United States District Court, D. New Jersey
Sylvester Andrews, No. 46253-066 FCI Berlin P.O. Box 9000
Berlin, NH 03570 Petitioner Pro se
B. Taylor U.S. Attorney's Office 401 Market Street
Camden, N.J. 08101 Counsel for Respondent
L. HILLMAN, U.S.D.J.
Sylvester Andrews, a prisoner presently confined at the
Federal Correctional Institution at Berlin in Berlin, New
Hampshire brings this action pursuant to 28 U.S.C. §
2241 to challenge his conviction and sentence. ECF No. 1.
Respondent has moved to dismiss the Petition for lack of
jurisdiction. ECF No. 10. For the reasons that follow, the
Court will grant the Motion and dismiss the Petition without
is challenging the legality of his underlying criminal
conviction from the U.S. District Court for the Eastern
District of Pennsylvania and alleges that he is actually
innocent, his trial counsel was ineffective, and that he
should not have been classified as a career offender because
burglaries are not crimes of violence. See id. &
ECF No. 1-3 (memorandum of law)
is currently serving a 480-month sentence of imprisonment for
various drug related offenses including conspiracy,
possession with intent to distribute, and distribution of
cocaine base, as well as possession of a firearm as a felon
and possession of an unregistered firearm. No. 92-cr-671,
Dkt. No. 775 (E.D. Pa.) (judgment of conviction for Counts 1,
16, 17, 18, 19, 20, and 22). On June 23, 1993, a jury
convicted Petitioner of these crimes in the Eastern District
of Pennsylvania. See id., Dkt. No. 589 (jury
sentence was reduced in 2009 from life imprisonment to 360
months as to Counts 1, 16, 17, 19, and 22 because U.S.
Sentencing Guidelines Amendment 505 reduced his base offense
level to 38 and his Guidelines range from mandatory life
imprisonment to a range of 360 months to life. Id.,
ECF No. 1238. In 2013, his thirty-year term of imprisonment
for his second § 924(c) conviction, Count 20, was
vacated based in part on the Government's concession that
the conviction and sentence violated federal law pursuant to
Bailey v. United States, 516 U.S. 137 (1995).
Id., ECF No. 1288. Petitioner's application for
a sentence reduction pursuant to 18 U.S.C. § 3582(c)(2)
and Guidelines Amendment 782, however, was denied.
Id., ECF No. 1353.
2016, Petitioner filed a successive motion pursuant to 28
U.S.C. § 2255. Id., ECF No. 1356. In that
motion, he argued that his incarceration is unlawful because
he is not a career offender pursuant to the Supreme
Court's opinion in Johnson v. United States, 135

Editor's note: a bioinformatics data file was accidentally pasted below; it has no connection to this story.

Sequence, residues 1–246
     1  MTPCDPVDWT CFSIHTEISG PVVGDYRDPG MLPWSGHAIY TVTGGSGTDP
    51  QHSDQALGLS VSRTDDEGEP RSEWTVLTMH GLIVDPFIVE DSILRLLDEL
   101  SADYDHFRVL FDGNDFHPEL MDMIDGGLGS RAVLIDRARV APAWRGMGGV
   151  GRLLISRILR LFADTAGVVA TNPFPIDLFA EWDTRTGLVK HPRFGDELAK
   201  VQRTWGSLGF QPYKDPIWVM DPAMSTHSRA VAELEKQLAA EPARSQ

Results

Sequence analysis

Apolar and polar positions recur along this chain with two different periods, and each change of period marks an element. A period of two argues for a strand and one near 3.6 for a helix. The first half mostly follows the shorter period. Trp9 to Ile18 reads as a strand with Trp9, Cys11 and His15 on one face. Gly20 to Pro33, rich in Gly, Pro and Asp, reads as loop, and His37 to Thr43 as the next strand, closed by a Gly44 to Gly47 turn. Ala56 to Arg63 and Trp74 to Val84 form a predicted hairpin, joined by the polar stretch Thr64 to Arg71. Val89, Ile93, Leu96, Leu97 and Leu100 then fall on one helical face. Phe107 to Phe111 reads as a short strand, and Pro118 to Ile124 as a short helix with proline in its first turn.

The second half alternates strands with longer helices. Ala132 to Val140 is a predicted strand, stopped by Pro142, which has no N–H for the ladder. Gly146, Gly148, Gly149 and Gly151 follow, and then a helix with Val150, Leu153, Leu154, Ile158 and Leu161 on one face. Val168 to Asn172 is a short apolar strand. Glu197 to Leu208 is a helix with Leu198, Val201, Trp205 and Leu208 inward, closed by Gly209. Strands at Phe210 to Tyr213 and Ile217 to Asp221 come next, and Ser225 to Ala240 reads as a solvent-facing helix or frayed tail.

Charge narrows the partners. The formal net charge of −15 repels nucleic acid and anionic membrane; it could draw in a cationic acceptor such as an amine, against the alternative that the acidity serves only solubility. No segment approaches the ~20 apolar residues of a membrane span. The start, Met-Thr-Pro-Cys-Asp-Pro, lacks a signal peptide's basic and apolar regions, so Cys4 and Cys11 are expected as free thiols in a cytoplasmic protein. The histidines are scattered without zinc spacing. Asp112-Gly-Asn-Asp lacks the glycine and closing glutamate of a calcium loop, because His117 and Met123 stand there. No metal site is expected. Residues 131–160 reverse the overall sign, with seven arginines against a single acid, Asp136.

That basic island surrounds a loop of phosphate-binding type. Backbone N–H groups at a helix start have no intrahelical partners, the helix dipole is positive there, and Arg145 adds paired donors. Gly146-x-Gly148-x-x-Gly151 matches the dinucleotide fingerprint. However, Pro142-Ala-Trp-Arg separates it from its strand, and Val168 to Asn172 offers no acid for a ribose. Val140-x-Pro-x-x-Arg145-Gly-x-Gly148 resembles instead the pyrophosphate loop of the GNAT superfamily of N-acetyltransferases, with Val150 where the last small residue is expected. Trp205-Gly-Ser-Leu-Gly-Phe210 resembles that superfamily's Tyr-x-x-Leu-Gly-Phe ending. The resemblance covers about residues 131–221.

S.Ct. 2551 (2015). Specifically, he argued that his
Pennsylvania burglary convictions did not qualify as crimes
of violence. On November 1, 2017, the Third Circuit granted
Petitioner leave to file the successive motion pursuant to
§ 2255 on the Johnson issue. See No.
92-cr-671, ECF No. 1369.
his application for leave to file a successive § 2255
motion was pending with the Third Circuit, Petitioner filed
the instant § 2241 petition. No. 17-cv-4839, ECF No. 1.
The Respondent filed a Motion to Dismiss the Petition arguing
that the Court lacks jurisdiction over the Petition, because
his claims may only be brought pursuant to a § 2255
motion and the Court of Appeals for the Third Circuit has
granted Petitioner leave to file a successive § 2255
motion. See ECF No. 10. Petitioner filed two briefs
in opposition in which he argues that he is actually innocent
of the crimes for which he is incarcerated and that his
Petition is properly brought pursuant to § 2241. ECF
Nos. 9, 10. The Respondent did not file a reply.
States Code Title 28, Section 2243, provides in relevant part
A court, justice or judge entertaining an application for a
writ of habeas corpus shall forthwith award the writ or issue
an order directing the respondent to show cause why the writ
should not be granted, unless it appears from the application
that the applicant or person detained is not entitled
pro se pleading is held to less stringent standards
than more formal pleadings drafted by lawyers. Estelle v.
Gamble, 429 U.S. 97, 106 (1976); Haines v.
Kerner, 404 U.S. 519, 520 (1972). A pro se
habeas petition must be construed liberally. SeeHunterson v. DiSabato, 308 F.3d 236, 243 (3d Cir.
2002). Nevertheless, a federal district court can dismiss a
habeas corpus petition if it appears from the face of the
petition that the petitioner is ...